Moving on from the MLXe: Going Hard Core.

Moving on from the MLXe: Going Hard Core.

Finding the right core router is a big deal. The work those things do is intense: multiple protocols, redistribution, leaves and spines, wire speed on endless interfaces. The stresses on those things are extreme and getting more so by the minute. We used to recommend the MLXe to our Brocade clients, and in its prime it was reliable, configurable, malleable to your needs. But let’s face it, Brocade’s old flagship is getting long in the tooth. So, what’s next for users that need to go Hard Core?

For me, I think of Hard Core as Jack Black, multi-instrumental and take no prisoners, but maybe you think of it more like Shape Magazine a workout for your network that consists of constant monitoring through many exercises. Maybe it’s a little of both. But if you’re looking to take a step up from aging hardware, let’s take a look at the latest versions of Hard Core.

Extreme Networks took up the Brocade torch by continuing support of the MLXe replacements, the SLX line of routers, but the modular version of this just hasn't caught on with our users yet, chiefly due to early software implementations. Recent updates have ironed out many of the bugs in those initial releases, and the platform is starting to turn heads, but the core routers aren’t a major player yet. We've had more interest in the smaller 1RU fixed-port iterations like the SLX9640. Brocade has a great track record for Extreme to build on, but we're maintaining a wait and see attitude on the SLX product line at this point. They’ve got a good per-port value, but they just haven’t been too popular with our end users to date. Not quite Hard Core.

A more trusted option may be the Cisco ASR series. The long-running leader in network hardware has created a robust set of routing options. Consisting of various 1RU fixed-port versions for local implementations up to the Godzilla ASR 9922, a 44RU aggregation behemoth with a capacity of 160 Tbps, there's a wide range of options to choose from. Cisco also has the benefit of a tested, trusted IOS supporting the latest, greatest protocols and implementations, but they’ll cost you. The secondary market isn’t seeing a flood of these ASR routers just yet, making them less of a value proposition, and Cisco’s stubborn adherence to proprietary optics make the cost of wiring just a little bit pricier than we’d like. They’re sticking with the Sony route, quality that you can rely on with a sticker shock that might make you think twice. Bougie Hard Core.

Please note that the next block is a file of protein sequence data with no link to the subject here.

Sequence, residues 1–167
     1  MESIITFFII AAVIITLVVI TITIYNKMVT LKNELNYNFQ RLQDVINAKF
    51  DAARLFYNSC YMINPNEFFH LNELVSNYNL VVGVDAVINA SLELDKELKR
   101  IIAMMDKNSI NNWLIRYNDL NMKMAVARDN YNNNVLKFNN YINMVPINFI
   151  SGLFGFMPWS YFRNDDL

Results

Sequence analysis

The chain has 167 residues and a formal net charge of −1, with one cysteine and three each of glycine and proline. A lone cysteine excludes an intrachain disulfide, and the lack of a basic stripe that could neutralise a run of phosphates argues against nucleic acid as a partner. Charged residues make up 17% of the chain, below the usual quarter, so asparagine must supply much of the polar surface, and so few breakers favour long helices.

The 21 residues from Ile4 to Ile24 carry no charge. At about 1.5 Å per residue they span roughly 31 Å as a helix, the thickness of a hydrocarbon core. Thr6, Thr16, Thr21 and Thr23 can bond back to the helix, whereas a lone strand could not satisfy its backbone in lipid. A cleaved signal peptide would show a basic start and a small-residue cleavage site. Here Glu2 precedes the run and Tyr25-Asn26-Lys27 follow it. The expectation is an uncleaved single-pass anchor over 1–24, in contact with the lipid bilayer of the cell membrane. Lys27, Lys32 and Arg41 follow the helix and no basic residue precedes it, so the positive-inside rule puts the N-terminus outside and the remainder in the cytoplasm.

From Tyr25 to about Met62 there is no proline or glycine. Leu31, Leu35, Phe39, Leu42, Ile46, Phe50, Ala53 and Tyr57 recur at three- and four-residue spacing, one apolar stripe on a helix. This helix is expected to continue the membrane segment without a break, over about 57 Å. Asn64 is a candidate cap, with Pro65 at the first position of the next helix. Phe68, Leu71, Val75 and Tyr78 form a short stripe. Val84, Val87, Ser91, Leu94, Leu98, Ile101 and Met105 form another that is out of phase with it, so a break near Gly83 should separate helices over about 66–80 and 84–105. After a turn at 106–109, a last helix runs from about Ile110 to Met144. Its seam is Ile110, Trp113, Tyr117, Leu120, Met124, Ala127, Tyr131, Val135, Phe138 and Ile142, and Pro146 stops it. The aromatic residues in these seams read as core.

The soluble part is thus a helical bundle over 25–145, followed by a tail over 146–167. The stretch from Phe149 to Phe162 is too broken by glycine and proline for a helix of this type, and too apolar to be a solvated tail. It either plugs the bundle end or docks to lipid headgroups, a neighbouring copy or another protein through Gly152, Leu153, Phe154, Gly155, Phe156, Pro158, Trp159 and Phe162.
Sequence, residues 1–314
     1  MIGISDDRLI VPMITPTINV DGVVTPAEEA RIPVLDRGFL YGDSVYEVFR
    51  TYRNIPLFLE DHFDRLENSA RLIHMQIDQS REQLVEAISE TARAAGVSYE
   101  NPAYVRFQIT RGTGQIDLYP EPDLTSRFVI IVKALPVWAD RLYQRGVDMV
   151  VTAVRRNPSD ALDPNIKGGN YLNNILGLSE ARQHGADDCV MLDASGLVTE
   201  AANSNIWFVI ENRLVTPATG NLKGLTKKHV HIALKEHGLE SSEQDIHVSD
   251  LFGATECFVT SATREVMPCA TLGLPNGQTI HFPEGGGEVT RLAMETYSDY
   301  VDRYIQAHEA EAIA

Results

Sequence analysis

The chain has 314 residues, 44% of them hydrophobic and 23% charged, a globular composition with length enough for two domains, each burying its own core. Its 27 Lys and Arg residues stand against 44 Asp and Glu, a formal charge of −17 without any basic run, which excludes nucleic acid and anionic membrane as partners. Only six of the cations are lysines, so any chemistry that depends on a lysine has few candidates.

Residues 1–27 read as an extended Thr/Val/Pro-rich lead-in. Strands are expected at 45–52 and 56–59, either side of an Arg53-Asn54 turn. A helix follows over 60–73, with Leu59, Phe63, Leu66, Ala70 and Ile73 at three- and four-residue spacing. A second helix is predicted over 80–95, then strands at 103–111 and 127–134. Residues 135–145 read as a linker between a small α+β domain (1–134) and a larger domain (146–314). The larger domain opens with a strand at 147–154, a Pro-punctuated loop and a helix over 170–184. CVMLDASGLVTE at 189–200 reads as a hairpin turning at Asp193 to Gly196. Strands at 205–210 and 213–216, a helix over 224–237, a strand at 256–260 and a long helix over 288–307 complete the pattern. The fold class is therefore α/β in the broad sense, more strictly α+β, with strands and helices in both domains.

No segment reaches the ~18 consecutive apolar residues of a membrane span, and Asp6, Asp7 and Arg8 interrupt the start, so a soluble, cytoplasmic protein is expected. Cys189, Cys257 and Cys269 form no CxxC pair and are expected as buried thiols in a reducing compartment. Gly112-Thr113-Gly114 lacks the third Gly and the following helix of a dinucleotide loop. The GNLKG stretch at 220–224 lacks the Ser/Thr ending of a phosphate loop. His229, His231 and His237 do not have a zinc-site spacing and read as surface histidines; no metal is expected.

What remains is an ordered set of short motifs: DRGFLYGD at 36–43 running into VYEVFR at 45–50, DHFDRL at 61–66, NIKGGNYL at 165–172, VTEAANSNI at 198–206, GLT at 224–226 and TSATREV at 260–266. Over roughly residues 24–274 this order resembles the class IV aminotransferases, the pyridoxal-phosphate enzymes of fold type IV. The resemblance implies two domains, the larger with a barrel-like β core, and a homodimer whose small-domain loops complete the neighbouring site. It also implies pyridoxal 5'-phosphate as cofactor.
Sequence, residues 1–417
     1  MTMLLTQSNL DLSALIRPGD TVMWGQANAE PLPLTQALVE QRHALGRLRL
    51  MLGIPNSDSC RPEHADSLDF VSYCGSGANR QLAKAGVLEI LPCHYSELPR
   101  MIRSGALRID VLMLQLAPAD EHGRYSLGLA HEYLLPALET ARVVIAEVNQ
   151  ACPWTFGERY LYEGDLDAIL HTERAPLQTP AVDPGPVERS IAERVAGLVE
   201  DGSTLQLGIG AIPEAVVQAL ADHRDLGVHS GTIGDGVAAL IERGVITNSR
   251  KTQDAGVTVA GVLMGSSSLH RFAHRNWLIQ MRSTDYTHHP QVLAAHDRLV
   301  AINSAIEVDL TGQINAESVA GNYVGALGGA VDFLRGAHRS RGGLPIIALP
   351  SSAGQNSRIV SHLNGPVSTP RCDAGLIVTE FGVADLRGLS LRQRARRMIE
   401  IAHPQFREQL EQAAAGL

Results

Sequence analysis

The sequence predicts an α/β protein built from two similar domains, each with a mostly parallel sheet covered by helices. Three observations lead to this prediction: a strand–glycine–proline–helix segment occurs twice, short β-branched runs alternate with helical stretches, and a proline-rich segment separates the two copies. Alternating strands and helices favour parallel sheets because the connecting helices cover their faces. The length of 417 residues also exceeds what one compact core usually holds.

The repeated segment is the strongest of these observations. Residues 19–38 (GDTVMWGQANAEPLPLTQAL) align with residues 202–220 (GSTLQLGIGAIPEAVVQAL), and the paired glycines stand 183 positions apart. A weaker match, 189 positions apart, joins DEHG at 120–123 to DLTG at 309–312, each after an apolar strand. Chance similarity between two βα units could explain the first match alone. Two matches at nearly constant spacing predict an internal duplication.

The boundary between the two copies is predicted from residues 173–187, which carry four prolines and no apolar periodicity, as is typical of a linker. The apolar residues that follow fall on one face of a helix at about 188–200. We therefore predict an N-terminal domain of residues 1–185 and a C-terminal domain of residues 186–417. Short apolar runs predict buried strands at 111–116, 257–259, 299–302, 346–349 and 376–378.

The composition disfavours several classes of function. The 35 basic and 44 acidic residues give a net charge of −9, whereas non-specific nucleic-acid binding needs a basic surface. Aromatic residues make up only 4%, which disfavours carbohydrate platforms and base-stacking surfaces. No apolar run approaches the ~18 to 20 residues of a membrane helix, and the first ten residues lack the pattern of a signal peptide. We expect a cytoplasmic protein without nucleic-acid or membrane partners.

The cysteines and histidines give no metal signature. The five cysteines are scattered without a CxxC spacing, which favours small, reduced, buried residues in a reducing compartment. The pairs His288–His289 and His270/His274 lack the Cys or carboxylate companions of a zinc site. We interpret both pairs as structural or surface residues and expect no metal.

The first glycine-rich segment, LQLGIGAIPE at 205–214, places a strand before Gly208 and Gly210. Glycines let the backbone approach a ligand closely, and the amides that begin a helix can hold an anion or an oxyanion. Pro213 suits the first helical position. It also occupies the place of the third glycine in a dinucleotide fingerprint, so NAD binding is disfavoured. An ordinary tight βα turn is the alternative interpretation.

Last in our shortlist of options for core routing is the Juniper MX series, which is the most popular and respected among our users. Utilizing Juniper’s own JunOS and varying from the 2RU MX80 up to the 45RU MX2020, these things can nestle up in a remote rack or blare metal in the hardest of cores. Though the MX2020 only has a max capacity of 80 Tbps (half that of Cisco’s ASR9922), that thing will definitely blow the doors off your cabinet. Our users’ sweet spot continues to be the MX240, MX480, and MX960 units, infinitely configurable and robust players in the network market. Accommodating any number of differing line cards, from the old RJ45s for legacy network applications all the way up to 100G CFP, CFP2, and QSFP28 optics, these things shred their competitors, don’t require proprietary optics, and are one the secondary market at a price that won’t break your core budget. There are also a variety of routing engine options, from the 8 gig RE-S-1800 model to the 64 gig RE-S-X6-64G. That 64 gigabytes will hold more tables than an IKEA warehouse. Feedback from our users: Mobb Deep Hard Core. Minor Threat Hard Core.

So, if you’re thinking that your MLXe chassis is meeting your needs, we’ll set you up with the line cards and managements to keep that thing humming. But if you need to turn up the wattage, call the Terabit Sales team to go Hard Core with an SLX, ASR, or MX series router that won’t make your wallet feel cored. Call us at +1 (415) 230-5353 or click here to email us.